By: David Goudie
Kenneth M. Wright v. National Strategic Protective Services, LLC
The Special Workers’ Compensation Appeal Panel of the Tennessee Supreme Court recently issued their opinion the case of Kenneth M. Wright v. National Strategic Protective Services, LLC.
This case dealt with many issues on appeal, but one important issue had to do with Tennessee Code Annotated §50-6-242 (a)(2), otherwise referred to as extraordinary relief. This statute allows the Court to award up to 275 weeks of benefits if multiple factors are met. One of those factors requires the following:
The authorized treating physician has certified on a form provided by the division that due to the permanent restrictions on activity the employee has suffered as a result of the injury the employee no longer has the ability to perform the employee’s pre-injury occupation. The authorized treating physician’s certification pursuant to this subdivision (a)(2)(B) shall have a presumption of correctness that may be overcome by the presentation of contrary clear and convincing evidence.
The Employee in this case obtained certification form from the authorized treating physician and submitted it to the Court on December 5, 2017. The Trial was originally set for December 8, 2017. The Employer filed a Motion to Strike the certification form on December 6, 2017. Instead of striking the form, the Court instead granted the Employer a continuance acknowledging the Employer’s argument they should have time to rebut the certification. On February 9, 2018, the Employer filed a Motion to Exclude the certification form based upon hearsay and lack of authentication. This Motion was denied and the Trial took place on April 18, 2018.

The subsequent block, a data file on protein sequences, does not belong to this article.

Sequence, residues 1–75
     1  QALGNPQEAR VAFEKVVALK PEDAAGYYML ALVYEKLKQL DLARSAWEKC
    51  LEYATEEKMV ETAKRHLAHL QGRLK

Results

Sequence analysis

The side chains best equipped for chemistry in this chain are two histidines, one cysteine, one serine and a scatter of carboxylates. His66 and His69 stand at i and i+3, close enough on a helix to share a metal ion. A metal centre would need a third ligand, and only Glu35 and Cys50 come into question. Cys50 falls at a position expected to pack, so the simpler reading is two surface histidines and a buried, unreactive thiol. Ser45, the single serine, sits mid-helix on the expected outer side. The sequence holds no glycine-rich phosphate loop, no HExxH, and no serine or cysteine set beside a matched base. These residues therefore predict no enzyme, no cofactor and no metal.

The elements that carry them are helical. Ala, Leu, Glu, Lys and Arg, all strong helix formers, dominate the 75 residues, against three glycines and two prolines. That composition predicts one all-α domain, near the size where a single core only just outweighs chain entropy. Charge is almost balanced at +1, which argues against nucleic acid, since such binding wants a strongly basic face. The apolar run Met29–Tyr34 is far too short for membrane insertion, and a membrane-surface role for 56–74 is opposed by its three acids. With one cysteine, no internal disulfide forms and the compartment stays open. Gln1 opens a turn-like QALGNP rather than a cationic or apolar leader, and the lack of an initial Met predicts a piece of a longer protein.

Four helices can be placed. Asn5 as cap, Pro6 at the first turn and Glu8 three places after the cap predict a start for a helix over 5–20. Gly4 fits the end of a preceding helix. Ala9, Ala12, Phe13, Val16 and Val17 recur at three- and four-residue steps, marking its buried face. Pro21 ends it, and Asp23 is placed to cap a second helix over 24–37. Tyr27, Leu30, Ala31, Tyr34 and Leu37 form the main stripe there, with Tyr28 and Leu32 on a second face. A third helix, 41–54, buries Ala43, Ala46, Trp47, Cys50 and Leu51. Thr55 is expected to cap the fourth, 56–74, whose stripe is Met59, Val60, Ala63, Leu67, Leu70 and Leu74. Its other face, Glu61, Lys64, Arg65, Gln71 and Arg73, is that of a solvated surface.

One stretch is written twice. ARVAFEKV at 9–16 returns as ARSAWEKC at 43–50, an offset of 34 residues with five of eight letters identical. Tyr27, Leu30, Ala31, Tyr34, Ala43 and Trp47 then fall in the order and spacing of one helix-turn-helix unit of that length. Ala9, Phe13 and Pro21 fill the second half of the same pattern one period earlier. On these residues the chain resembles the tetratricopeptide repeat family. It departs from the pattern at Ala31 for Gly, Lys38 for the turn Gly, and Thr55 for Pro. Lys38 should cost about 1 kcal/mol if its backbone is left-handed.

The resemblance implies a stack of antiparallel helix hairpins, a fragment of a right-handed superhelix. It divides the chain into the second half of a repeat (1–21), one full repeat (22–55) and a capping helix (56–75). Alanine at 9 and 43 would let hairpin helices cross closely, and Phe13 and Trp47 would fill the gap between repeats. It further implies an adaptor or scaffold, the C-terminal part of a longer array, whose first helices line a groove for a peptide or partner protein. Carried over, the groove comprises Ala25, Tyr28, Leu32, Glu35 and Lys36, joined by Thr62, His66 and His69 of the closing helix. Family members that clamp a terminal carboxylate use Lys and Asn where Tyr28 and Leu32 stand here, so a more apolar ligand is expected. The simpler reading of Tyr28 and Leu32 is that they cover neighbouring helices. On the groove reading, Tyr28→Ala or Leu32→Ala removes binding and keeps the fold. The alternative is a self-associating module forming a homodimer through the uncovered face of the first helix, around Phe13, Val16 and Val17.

The Trial Court then found that the Employee met the necessary elements under TCA §50-6-242. The Employer appealed arguing that the Trial Court erred by admitting the physician certification form. At the Trial Court level, the form was admitted under the business records exception to hearsay, Tennessee Rule of Evidence 803(6). Alternatively, the Trial Court also admitted the form based upon TCA §50-6-242, should the Appellate Court find the business records exception did not apply. The Appeals Panel did just that, and found that the business records exception did not apply, but then agreed that it should be admitted under TCA §50-6-242. They found that since the requirements under section (B) of TCA §50-6-242 were met, the document or report became a self-authenticating official document certified by the Department of Labor and Workforce Development and therefore should not be excluded as hearsay.
Essentially, the holding indicates that once the certification form is filed with the Court, it becomes evidence and shifts the burden to the Employer to solicit contrary evidence to overcome the presumption of correctness. Objecting to the document on the basis of hearsay will not work, but Employers can still challenge the document on other grounds including sufficiency of the opinion. Regardless of the path chosen to challenge, this holding will require Employers to seek additional deposition testimony in order to challenge the certification form once it has been filed by the Employee.